This Author Will Inspire You To Reevaluate The Meaning of Your Human Existence
Read excerpts from JoeKenneth’s book in which he confronts the core reality of his human existence after suffering a tragic loss - along with affirmations that’ll be sure to prompt self love.
Among the multitude of New York City artists is Joekenneth Museau, a creator who possesses the innate ability to weave his life with his work and as a result has produced an oeuvre that lives, breathes and inspires. Of Haitian heritage, Museau’s vision was shaped by New York, the city where he was raised.
In present-day as a poet who continues to tell stories through stunning visuals and powerful words, Museau has been able to marry the two in his HBO short film and book, ‘Days After Your Departure’ - a memoir about a man who struggles to find the meaning of his existence after losing his mother.
In this book we follow Museau as he questions and steps out to find who he is supposed to be.
Read excerpts from JoeKenneth’s book in which he confronts the core reality of his human existence after suffering a tragic loss - along with affirmations that’ll be sure to prompt self-love.
I’m unable to convey in detail, neither with a date nor hour, when alcohol and I made a pact, nor when I realized that we’d formed a longing for each other’s company. But shortly after my mother’s death, my sorrow revealed itself in the form of hundred dollar bar tabs. In my room bottles decorated the length of my bed like sidewalk vigils memorializing the many times that i’d been laid to rest.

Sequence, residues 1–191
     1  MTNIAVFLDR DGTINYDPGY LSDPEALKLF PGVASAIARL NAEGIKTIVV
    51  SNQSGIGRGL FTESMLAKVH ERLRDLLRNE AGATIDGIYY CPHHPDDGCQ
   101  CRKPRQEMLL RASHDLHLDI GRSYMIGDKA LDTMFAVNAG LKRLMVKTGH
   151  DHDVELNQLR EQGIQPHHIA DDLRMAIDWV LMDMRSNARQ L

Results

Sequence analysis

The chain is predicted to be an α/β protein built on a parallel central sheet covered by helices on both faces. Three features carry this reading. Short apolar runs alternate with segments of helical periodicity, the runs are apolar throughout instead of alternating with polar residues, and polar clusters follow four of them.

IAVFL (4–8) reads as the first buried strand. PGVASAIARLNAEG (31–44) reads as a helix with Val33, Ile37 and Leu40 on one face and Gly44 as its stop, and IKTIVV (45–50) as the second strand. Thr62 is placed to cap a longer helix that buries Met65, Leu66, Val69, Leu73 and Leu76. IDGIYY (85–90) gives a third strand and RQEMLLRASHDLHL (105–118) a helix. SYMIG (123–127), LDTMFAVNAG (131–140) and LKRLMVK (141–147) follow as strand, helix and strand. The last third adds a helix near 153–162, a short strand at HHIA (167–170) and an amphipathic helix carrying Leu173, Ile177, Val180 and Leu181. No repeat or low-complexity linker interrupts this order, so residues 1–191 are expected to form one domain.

On any given evening, whiskey, wine or whatever other spirits loitered on the surface of my tongue as I slept face down; my liver, a victim of domestic abuse for nearly two years. Still, it stuck with me, like Jesus grabbing the wheel all those times I flirted with the possibility of nonexistence.
I imagine that he pleaded with his Father repeatedly because he too knows the trauma of losing a friend. And so I rose, each day, a more blasphemous Lasarus, gradually seeing God’s image blurred to the point of obscurity. The mirror no longer showed the visage of a momma’s boy. Instead, its reflection was that of a wayward, Fatherless man.
My mirror thanked me today.
For the first time in years
We complimented each other
on how good we looked
And how my heart beats better
when running on blessings
This is self service.
I’m gassed up on affirmation.
My body isn’t ready to be roadkill.
We still have miles to go
My confidence no longer changes
And I live a life that is golden.
I truly believe my royalty.
You son of a Queen!
You Shine brighter than Con Edison
Your light, courtesy of the Elohim
I am divine.
Directed by Sam Snead of WANP